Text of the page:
…In 1807 the abbot, Father Isaiah, fell asleep in the Lord. St Seraphim was asked to take his place, but he declined. He lived in silence for three years, completely cut off from the world except for the monk who came once a week to bring him food. If the saint encountered a man in the forest, he fell face down and did not get up until the passerby had moved on. St Seraphim acquired peace of soul and joy in the Holy Spirit. The great ascetic once said, “Acquire the spirit of peace, and a thousand souls will be saved around you.”
The new Superior of the monastery, Father Niphon, and the older brethren of the monastery told Father Seraphim either to come to the monastery on Sundays for divine services as before, or to move back into the monastery. He chose the latter course, since it had become too difficult for him to walk from his forest cell to the monastery. In the spring of 1810, he returned to the monastery after fifteen years of living in the wilderness.
Continuing his silence, he shut himself up in his cell, occupying himself with prayer and reading. He was also permitted to eat meals and to receive Communion in his cell. There St Seraphim attained the height of spiritual purity and was granted special gifts of grace by God: clairvoyance and wonderworking. After five years of solitude, he opened his door and allowed the monks to enter. He continued his silence, however, teaching them only by example.
On November 25, 1825 the Mother of God, accompanied by the two holy hierarchs commemorated on that day (Hieromartyr Clement of Rome, and St Peter, Archbishop of Alexandria), appeared to the Elder in a vision and told him to end his seclusion and to devote himself to others. He received the igumen’s [Igumen is the title for the head of a monastery, similar to the one of abbot. The term means “the one who is in charge,” or “the leader” in Greek.] blessing to divide his time between life in the forest, and at the monastery. He did not return to his Far Hermitage, but went to a cell closer to the monastery. This he called his Near Hermitage. At that time, he opened the doors of his cell to pilgrims as well as his fellow-monks.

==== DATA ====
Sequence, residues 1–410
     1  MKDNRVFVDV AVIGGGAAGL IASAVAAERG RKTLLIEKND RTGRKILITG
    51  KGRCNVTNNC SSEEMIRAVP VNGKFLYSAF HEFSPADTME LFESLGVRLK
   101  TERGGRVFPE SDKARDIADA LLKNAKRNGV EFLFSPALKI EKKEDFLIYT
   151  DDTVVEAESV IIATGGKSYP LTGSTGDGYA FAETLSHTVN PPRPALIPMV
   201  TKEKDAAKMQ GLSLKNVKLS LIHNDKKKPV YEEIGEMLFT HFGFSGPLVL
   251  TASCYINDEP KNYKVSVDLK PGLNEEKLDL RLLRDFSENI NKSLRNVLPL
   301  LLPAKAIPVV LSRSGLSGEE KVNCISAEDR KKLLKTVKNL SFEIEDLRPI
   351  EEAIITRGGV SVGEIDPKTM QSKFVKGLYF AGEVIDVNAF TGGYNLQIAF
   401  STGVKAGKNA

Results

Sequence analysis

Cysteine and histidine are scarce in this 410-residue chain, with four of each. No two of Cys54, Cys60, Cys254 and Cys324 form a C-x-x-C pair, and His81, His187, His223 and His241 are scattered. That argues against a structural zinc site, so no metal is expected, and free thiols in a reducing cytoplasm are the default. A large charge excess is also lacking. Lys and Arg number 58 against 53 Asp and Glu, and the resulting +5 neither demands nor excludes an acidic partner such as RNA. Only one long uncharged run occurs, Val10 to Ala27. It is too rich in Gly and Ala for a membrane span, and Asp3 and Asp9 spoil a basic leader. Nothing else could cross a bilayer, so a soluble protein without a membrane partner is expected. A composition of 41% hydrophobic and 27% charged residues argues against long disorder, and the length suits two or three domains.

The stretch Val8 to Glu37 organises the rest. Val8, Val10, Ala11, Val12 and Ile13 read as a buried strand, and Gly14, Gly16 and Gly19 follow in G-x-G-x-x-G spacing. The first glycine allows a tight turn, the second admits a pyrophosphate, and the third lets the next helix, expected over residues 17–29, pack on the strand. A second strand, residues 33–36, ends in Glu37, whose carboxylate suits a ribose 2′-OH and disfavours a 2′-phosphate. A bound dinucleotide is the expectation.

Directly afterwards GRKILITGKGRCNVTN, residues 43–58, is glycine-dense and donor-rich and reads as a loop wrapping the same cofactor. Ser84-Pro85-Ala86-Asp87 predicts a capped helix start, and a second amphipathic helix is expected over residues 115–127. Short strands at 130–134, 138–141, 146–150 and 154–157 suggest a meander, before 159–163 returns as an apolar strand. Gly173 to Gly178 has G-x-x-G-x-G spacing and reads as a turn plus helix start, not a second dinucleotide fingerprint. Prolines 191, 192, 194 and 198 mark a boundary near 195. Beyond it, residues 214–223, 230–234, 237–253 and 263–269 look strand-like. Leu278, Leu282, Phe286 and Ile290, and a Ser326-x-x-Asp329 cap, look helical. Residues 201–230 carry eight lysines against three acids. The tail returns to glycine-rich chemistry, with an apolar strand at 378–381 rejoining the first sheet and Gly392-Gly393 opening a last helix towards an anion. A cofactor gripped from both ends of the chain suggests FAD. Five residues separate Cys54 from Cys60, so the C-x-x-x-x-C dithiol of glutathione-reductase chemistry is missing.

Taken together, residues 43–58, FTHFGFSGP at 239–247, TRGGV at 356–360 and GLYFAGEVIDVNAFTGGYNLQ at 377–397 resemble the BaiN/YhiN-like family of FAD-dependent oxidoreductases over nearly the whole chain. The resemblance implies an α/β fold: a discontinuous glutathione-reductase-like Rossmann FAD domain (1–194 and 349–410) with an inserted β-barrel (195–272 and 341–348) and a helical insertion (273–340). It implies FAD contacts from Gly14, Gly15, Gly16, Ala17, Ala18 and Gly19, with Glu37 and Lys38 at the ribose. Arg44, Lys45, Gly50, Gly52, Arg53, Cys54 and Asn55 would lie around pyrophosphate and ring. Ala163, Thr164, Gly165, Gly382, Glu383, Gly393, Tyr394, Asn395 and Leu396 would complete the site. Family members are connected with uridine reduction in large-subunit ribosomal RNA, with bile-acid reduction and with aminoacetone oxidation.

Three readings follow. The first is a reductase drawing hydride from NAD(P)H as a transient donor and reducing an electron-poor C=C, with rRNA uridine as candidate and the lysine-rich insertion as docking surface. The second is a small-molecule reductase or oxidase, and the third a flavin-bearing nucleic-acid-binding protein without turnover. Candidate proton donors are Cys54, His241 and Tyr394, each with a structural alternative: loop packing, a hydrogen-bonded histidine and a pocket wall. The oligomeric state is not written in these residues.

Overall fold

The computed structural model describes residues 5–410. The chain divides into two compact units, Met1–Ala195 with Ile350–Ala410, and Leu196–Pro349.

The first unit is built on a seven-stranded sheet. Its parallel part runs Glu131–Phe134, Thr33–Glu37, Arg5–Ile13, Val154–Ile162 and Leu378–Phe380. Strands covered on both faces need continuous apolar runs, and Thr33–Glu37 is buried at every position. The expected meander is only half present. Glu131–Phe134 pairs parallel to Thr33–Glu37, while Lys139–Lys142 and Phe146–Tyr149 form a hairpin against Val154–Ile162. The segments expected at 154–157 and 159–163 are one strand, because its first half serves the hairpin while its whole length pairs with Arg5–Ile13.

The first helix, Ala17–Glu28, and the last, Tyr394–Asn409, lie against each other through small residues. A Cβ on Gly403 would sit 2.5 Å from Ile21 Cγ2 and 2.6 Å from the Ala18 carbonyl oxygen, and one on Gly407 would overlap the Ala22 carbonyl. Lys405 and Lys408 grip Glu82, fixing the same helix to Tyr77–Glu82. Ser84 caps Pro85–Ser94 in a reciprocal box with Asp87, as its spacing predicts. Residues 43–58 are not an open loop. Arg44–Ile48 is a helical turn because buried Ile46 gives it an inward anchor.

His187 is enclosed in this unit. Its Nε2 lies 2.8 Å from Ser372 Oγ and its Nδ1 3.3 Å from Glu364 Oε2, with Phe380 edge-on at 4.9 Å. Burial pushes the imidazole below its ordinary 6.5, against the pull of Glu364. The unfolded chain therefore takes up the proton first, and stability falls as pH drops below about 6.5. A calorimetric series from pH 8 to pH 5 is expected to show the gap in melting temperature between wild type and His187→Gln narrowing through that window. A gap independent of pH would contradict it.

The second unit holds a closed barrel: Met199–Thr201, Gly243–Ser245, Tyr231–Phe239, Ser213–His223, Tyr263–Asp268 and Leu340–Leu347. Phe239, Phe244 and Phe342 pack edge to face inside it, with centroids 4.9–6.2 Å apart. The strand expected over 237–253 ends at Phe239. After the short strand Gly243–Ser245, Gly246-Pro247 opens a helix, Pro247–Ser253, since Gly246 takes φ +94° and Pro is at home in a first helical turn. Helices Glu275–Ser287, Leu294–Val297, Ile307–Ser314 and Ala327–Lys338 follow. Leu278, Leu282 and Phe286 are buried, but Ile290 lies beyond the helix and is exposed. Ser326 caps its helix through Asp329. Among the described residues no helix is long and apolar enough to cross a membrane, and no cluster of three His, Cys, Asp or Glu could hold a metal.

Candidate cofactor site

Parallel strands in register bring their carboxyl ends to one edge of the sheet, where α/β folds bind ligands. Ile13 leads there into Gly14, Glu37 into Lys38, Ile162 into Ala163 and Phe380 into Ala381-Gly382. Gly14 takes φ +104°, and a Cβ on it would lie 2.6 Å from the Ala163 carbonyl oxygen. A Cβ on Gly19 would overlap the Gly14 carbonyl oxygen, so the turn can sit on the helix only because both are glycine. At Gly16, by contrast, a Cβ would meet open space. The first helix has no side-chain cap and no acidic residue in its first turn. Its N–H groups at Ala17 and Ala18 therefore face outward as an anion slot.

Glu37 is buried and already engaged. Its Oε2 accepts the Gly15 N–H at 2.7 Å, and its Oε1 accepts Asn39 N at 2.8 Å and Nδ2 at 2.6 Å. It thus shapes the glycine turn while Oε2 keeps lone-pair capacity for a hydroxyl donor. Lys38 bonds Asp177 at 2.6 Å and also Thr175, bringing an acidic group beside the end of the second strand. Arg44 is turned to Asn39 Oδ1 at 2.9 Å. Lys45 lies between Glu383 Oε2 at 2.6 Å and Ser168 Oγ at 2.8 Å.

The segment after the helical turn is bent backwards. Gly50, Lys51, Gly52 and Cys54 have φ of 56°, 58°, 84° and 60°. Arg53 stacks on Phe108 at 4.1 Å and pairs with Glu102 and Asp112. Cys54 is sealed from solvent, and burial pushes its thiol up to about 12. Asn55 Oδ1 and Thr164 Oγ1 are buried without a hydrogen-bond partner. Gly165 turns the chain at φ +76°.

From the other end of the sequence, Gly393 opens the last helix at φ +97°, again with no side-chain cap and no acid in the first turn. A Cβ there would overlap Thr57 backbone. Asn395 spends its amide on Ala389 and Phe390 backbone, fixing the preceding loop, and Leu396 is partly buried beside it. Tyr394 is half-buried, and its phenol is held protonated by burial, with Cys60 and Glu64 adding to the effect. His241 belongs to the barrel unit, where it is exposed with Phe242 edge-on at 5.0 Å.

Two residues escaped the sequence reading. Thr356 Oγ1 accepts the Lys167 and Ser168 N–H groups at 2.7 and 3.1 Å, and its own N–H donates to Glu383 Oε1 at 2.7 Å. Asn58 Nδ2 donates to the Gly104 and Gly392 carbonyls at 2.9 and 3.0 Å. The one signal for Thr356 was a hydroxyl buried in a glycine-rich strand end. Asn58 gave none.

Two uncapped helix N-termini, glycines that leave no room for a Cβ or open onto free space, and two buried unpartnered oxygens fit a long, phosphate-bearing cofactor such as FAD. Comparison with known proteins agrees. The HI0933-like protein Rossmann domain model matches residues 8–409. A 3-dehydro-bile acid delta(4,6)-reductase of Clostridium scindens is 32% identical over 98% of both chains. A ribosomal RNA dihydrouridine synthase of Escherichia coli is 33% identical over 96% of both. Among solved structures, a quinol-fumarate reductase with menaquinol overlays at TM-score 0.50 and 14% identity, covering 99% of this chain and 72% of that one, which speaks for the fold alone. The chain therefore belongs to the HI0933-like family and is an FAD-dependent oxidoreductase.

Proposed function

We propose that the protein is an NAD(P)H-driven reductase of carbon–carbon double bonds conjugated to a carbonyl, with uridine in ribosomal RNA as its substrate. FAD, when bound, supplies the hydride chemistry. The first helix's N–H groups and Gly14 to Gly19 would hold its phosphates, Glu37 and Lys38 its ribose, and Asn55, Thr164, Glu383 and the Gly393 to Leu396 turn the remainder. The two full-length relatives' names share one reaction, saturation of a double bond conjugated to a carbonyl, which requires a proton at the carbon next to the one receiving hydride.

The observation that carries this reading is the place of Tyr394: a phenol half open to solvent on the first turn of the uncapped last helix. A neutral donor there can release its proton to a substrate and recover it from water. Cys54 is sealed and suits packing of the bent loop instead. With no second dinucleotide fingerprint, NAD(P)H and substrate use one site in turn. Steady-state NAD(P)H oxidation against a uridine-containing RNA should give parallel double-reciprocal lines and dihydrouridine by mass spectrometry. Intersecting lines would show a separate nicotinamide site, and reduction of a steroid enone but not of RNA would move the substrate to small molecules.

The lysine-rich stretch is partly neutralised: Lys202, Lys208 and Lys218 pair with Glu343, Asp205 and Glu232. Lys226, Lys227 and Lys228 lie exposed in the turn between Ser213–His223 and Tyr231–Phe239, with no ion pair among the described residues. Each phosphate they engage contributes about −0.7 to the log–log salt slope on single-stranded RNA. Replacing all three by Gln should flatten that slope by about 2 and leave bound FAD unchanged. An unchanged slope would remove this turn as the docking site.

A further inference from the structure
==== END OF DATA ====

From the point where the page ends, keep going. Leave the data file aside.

The Elder saw into the hearts of people, and as a spiritual physician, he healed their infirmities of soul and body through prayer and by his grace-filled words. Those coming to St Seraphim felt his great love and tenderness. No matter what time of the year it was, he would greet everyone with the words, “Christ is Risen, my joy!” He especially loved children. Once, a young girl said to her friends, “Father Seraphim only looks like an old man. He is really a child like us.”
…On January 2, Father Paul, the saint’s cell-attendant, left his own cell at six in the morning to attend the early Liturgy. He noticed the smell of smoke coming from the Elder’s cell. St Seraphim would often leave candles burning in his cell, and Father Paul was concerned that they could start a fire.
“While I am alive,” he once said, “there will be no fire, but when I die, my death shall be revealed by a fire.” When they opened the door, it appeared that books and other things were smoldering. St Seraphim was found kneeling before an icon of the Mother of God with his arms crossed on his chest. His pure soul was taken by the angels at the time of prayer, and had flown off to the Throne of the Almighty God, Whose faithful servant St Seraphim had been all his life.